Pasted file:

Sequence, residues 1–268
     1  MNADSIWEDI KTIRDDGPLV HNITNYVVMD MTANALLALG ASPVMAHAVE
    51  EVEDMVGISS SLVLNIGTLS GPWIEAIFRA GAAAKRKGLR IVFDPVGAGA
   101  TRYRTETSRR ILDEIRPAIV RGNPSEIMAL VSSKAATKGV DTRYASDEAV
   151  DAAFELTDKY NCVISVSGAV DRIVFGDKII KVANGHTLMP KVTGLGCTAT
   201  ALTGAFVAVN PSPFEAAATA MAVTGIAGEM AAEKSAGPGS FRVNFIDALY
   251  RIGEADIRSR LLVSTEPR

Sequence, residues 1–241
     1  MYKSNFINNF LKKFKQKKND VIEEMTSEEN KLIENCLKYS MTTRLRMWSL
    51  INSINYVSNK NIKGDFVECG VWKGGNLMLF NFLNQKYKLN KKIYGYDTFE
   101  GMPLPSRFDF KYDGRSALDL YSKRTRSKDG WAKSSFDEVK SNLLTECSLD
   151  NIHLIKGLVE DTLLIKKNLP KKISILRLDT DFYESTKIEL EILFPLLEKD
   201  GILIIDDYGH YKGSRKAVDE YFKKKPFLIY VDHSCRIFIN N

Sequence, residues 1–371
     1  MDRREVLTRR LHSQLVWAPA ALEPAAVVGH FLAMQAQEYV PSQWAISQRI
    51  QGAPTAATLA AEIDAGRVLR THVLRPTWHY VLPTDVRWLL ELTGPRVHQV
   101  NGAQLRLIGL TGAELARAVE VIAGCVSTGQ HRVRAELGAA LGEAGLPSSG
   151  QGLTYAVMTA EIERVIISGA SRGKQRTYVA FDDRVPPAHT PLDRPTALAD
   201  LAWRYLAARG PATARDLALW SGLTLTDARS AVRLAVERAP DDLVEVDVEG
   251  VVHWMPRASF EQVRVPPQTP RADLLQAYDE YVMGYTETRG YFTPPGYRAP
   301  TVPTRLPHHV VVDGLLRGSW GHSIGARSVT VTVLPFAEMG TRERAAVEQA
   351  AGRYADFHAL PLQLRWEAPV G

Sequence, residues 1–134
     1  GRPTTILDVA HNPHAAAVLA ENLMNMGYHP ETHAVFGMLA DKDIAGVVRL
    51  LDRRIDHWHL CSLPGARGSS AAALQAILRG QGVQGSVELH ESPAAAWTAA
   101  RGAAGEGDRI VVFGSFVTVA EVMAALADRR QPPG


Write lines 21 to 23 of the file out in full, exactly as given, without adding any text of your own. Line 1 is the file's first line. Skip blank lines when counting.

   301  TVPTRLPHHV VVDGLLRGSW GHSIGARSVT VTVLPFAEMG TRERAAVEQA
   351  AGRYADFHAL PLQLRWEAPV G

Sequence, residues 1–134